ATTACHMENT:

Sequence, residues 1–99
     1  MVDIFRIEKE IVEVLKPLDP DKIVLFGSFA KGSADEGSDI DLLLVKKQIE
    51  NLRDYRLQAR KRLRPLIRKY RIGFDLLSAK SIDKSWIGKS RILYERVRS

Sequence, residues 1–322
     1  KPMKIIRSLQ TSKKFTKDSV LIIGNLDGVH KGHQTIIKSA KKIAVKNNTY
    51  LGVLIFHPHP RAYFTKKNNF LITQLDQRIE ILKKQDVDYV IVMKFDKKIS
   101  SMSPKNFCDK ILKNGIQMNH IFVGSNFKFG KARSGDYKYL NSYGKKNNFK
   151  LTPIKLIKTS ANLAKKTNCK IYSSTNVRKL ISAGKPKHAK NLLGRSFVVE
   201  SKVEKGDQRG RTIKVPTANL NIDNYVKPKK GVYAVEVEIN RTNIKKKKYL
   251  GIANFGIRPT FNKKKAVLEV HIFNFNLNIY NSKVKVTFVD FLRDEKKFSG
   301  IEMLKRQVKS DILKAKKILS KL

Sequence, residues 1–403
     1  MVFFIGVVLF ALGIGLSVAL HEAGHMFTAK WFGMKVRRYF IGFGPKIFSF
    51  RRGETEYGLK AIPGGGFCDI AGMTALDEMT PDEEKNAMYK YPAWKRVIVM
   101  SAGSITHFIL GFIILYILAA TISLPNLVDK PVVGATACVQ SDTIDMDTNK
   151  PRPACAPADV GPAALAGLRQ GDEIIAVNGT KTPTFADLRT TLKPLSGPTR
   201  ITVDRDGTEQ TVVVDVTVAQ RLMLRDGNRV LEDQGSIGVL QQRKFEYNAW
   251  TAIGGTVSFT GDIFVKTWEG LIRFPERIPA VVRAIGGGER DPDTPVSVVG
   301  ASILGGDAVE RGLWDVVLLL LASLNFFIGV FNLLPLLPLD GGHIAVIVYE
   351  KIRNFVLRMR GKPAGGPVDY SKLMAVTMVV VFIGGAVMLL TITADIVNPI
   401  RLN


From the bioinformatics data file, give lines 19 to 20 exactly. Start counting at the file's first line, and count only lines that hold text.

   301  ASILGGDAVE RGLWDVVLLL LASLNFFIGV FNLLPLLPLD GGHIAVIVYE
   351  KIRNFVLRMR GKPAGGPVDY SKLMAVTMVV VFIGGAVMLL TITADIVNPI